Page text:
I would recommend putting the additional amount above the grant requirements in your TFSA instead of adding to the RESP. Less restrictions to access. Tax free vs deferred tax.

      • May on September 11, 2019 at 2:51 pm

        The reason I wanted to contribute more to RESP is because I maxed out all my registered accounts and still have some to put in my taxable account. I think RESP would be better than taxable.

        I know, I am a big saver. Other option is just spend the extra money on a vacation.

    • FT on September 16, 2019 at 9:50 am

      Hi May, sorry just seeing this. Providing that you have everything else maxed out, another $14k in an RESP may not be a bad idea. That is assuming that they go to a University that’s fairly expensive. Also take into consideration if your children will have part-time work while in school, which will offset the RESP needs.

      • Susan on September 28, 2019 at 12:46 pm

        Once the child goes to university, you can get all the money out if you want. There are a couple of hoops to jump through for the initial withdrawal but once those are met, then you can theoretically collapse the whole thing at once. And the actual school requirements are quite minimal. I don’t have all the rules off the top of my head but I know my oldest qualified with a 3 month trade school program. You can also pull all the principal investment out in one withdrawal and just leave the taxable portion in there if you need the money later or if you have more TFSA room or your kid gets TFSA room. Lots of options. Just have to know and understand the rules.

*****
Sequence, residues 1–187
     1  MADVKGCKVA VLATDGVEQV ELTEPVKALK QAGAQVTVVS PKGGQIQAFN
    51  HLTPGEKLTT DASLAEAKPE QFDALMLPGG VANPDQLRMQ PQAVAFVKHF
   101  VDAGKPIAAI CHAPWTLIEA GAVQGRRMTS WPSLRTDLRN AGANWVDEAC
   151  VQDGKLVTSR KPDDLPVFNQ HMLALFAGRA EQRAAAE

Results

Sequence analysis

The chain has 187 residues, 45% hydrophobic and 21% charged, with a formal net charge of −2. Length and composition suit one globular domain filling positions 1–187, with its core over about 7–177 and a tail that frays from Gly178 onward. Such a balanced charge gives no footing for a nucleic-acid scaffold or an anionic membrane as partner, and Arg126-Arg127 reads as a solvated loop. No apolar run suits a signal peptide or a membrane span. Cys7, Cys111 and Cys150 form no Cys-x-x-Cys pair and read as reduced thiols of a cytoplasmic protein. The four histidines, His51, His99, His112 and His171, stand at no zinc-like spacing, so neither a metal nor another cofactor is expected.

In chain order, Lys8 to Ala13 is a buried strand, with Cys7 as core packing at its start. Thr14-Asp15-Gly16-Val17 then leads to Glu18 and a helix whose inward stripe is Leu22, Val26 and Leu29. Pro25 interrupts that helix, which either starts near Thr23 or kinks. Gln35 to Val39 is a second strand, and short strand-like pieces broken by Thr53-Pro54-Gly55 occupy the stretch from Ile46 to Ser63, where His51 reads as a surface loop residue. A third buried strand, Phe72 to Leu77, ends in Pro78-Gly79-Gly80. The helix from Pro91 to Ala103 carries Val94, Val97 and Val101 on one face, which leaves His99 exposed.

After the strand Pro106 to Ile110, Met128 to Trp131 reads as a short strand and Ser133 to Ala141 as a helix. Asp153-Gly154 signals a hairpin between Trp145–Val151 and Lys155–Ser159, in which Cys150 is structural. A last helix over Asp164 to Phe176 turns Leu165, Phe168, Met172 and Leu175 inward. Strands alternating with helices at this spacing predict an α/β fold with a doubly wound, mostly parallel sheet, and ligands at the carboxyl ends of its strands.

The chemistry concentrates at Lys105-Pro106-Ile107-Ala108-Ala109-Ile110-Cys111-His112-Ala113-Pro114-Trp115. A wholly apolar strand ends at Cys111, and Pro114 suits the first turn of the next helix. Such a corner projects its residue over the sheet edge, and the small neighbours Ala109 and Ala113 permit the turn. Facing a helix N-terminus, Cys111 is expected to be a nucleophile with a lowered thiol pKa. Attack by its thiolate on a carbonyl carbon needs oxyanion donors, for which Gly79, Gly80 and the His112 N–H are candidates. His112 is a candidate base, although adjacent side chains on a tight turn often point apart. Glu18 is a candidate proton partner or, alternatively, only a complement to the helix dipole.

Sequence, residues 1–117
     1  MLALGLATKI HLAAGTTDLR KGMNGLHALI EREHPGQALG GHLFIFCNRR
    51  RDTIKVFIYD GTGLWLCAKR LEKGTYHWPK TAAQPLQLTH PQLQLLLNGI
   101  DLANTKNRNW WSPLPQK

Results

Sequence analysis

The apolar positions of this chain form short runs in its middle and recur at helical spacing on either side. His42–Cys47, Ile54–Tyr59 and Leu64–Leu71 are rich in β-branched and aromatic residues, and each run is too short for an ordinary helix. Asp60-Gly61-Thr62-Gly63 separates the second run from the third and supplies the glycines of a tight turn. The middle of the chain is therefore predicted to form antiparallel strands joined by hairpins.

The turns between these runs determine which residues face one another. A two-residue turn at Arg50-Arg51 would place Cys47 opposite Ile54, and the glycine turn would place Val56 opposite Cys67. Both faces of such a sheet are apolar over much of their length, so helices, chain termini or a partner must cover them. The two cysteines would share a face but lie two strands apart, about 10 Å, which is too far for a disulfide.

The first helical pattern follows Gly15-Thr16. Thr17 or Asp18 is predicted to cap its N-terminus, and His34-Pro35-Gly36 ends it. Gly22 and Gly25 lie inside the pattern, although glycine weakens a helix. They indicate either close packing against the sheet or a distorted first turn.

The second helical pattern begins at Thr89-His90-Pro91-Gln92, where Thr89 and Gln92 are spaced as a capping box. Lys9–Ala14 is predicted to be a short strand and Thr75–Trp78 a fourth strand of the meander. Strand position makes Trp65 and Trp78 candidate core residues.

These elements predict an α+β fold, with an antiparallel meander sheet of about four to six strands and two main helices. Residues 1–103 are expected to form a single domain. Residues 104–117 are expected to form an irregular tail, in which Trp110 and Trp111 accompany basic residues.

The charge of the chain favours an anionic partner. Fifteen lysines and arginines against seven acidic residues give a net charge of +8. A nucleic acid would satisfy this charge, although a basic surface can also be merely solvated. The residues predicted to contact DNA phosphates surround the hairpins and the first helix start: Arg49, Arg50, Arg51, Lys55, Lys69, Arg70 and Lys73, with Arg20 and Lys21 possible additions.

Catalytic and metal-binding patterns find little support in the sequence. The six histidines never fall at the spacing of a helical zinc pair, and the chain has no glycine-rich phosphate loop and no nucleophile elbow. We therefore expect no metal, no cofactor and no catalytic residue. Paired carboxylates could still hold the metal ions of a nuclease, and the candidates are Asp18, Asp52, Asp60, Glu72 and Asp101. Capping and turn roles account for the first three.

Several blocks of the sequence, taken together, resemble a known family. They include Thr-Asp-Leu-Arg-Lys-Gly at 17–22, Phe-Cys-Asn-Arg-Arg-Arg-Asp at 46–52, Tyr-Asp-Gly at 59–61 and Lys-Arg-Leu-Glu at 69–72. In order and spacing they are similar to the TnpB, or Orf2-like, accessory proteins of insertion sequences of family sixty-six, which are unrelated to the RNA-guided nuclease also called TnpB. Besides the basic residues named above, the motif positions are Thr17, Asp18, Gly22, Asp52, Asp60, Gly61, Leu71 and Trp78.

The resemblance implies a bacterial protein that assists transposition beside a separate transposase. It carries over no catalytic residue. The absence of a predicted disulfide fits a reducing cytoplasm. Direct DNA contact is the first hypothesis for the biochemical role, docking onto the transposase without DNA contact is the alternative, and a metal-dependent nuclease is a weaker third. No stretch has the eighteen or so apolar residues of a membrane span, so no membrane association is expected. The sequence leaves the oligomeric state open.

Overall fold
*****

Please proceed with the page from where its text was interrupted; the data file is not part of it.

4. Spudman on September 21, 2019 at 8:24 am

    Hi all. I have my resps with td e funds. I haven’t tracked my yearly investments. My statements do not show total cesg received. Do I call TD to find that?

    • FT on September 21, 2019 at 7:53 pm

      Spudman, login and view your transactions in the account. You should see the CESG amount deposited into the account. For us, we deposit 2500 in January, and receive the CESG around March time frame.

  5. Calvin W. on January 8, 2020 at 2:31 pm

    Sorry I didn’t quite get the table. If you can only have previous 1 year carried forward, then you can only benefit from that 1 extra year’s grant, which is to contribute 5000 to receive 1000. But going forward you can only receive 500 out of 2500 each year. How can you keep contributing 5000 to receive 1000 in the following years?

    • FT on January 20, 2020 at 12:07 pm

      Hi Calvin, you can keep contributing the 5000 depending on how many years you are behind. If you are only 1 year behind, then yes, you can contribute the $5,000 the following year to catch up, but then back to $2,500 after.

  6. Dennis on August 7, 2020 at 12:12 pm

    My son is 10 years old. We just moved to Canada last year and he just got his own SIN this year when we got our PR status. How many years could catch up?